eh? It's just extending the internal storage... externally, hence "DAS". It has tons of use cases.
It does, but they MD1000s were mainly setup for SAN devices in mind. Yeah they can also be attached to servers as well which is not bad either. Just not my preference, nothing wrong with that.
Not sure what you mean, a DAS is a DAS... MD1000, MD3000, MD1200, MD1400... whatever. They are simply (as what Dell calls them, @scottalanmiller , not me) "Server JBOD Expansions". They aren't specific to SAN use and are not SANs.
From Scott's post it seemed to say the data written to the drives that allows rebuilding the array when the RAID is replaced is what is missing. If that data is gone, aren't you hosed? Unless it is backed up somewhere?
It's not the disks that are bad, it's the controller itself. It's ROM is messed up.
With luck the flashed controller will pull the array data back in.
My money is on fake RAID you got there. So use md.
Also because you already use MD. 🙂
You know what, I can even move the two disks to my new workstation and not have to transfer any data.
I think the answer may have been found... 😄
Actually even better, I can break the RAID 1 on my current box and convert it to non-RAID, then move one of the disks to my new workstation and convert it back to RAID 1. If done right, I think I can do it all without any data loss too.
I'd prefer to just move the two disks and not have to transfer any data... but that's just me.
Yeah. I'll need to copy my home directory to the SSD in my current box before doing that though. That might be easier than breaking/re-creating the RAID. I'm not quite ready to "switch" yet. Hmm...
One of the confusing pieces here is that Linux actually does things more clearly but the Windows world is so confusing that if you carry that confusion into the Linux world, it makes things harder. Windows rarely uses or discloses the names of their product components. So Windows Software RAID is used to describe part of the Windows OS. But what if you have software RAID on Windows that is not Windows Software RAID? Windows Admins typically have no good terminology to discuss this, even though it is common. They just.... don't know what's going on and don't document it. But in Linux, we have the terms on hand all of the time (MD, ZFS, whatever.) So the Linux side isn't as bad as it seems, but if you are used to a weird blend of generic names being used as if they are specifics from the Windows world and assume that the Linux world is just as crazy, then it seems crazy.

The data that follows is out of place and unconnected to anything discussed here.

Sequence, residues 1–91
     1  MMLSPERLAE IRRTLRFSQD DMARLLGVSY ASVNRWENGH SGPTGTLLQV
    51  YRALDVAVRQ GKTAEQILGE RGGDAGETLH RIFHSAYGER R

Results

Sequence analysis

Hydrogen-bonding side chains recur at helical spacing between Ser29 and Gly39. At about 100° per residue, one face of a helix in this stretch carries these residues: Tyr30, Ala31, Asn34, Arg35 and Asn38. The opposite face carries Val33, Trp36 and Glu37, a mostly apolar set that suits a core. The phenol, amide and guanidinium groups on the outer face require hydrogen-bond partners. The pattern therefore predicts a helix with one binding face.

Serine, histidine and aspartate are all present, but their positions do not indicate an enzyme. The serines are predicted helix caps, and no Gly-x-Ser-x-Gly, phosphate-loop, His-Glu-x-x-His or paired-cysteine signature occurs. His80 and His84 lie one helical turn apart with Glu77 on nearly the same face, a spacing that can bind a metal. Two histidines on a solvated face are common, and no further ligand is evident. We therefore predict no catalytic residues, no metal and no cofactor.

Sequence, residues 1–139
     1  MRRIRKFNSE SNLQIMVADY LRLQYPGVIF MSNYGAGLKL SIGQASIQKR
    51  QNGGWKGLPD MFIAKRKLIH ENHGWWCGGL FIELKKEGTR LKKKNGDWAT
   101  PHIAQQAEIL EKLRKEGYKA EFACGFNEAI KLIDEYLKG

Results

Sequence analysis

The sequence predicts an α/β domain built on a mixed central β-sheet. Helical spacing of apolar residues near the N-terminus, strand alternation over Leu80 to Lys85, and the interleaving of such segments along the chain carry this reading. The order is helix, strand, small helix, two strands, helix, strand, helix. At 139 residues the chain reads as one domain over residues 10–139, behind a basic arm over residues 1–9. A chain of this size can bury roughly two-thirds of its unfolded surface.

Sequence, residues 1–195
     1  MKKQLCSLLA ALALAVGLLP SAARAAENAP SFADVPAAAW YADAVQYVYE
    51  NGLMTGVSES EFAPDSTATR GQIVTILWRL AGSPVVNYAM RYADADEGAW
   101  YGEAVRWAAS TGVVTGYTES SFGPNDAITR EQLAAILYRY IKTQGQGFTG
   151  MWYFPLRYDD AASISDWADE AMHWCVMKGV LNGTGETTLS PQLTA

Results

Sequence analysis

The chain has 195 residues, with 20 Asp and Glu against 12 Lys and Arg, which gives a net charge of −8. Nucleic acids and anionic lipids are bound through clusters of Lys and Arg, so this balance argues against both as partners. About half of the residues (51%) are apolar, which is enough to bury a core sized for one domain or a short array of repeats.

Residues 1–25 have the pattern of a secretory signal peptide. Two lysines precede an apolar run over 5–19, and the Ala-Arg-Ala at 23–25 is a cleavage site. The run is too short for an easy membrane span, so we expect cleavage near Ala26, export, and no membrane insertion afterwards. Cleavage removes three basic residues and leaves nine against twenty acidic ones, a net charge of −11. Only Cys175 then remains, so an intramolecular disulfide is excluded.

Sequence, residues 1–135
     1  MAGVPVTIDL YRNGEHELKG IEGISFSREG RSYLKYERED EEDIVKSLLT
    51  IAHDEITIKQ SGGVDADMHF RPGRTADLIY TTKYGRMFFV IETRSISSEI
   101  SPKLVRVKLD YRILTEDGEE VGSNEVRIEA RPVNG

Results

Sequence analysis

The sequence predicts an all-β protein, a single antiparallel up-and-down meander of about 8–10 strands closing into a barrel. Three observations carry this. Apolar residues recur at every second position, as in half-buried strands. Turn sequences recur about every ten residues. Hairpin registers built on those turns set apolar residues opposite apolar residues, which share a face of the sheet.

Thanks - I will proceed without using ZFS - I prefer hardware RAID.
ZFS is perfectly fine with hardware RAID, if you like ZFS' features otherwise (like zsend is nice) then there's no reason to avoid it. If you don't plan to use any unique features, then XFS is my "go to" choice by default. Very fast, very stable.
The most common RAIN approach that I see is taking all disks in the pool, noting their nodal presence and using mirroring to distribute the data so that data mirrors never go to the same disk and/or the same node. So a little like a networked RAID 1E but with more flexibility and the option to add nodal separation and performance testing so that data moves to where it is used.
Are you aware of any open source RAIN systems?
Gluster and Swift
I think Ceph and Lustre may be two others.
Lustre is RAIN, but is closed. Gluster was the open replacement for Lustre.
Just a quick search showed that Lustre was GPL 2.0, not sure if that is new or not.
Oh wow, must be new. It was crazy expensive in 2006 when we were really investigating it. That's awesome.
Ah looks like it went open source in 2010.
Oh cool, so I remember things well then. I'm just out of date. Gluster probably forced their hand, why would anyone consider Lustre when it was closed source? The answer was probably... they wouldn't and didn't.
Yep, I'd assume that was the case. Especially when it is a such a specific, and at the time, niche market.
And when Gluster went directly after them, even in name.
Now which applies to MDADM RAID? If Cold swapping is the only way of swapping drives, then I guess it immediately excludes it from any Enterprise or even business solution.
MD RAID (MDADM is the management utility for MD RAID) is hot swap, of course, and some vendors like ReadyNAS and Synology add their own extensions to add blind swapping. No one would even discuss it if it wasn't hot swap.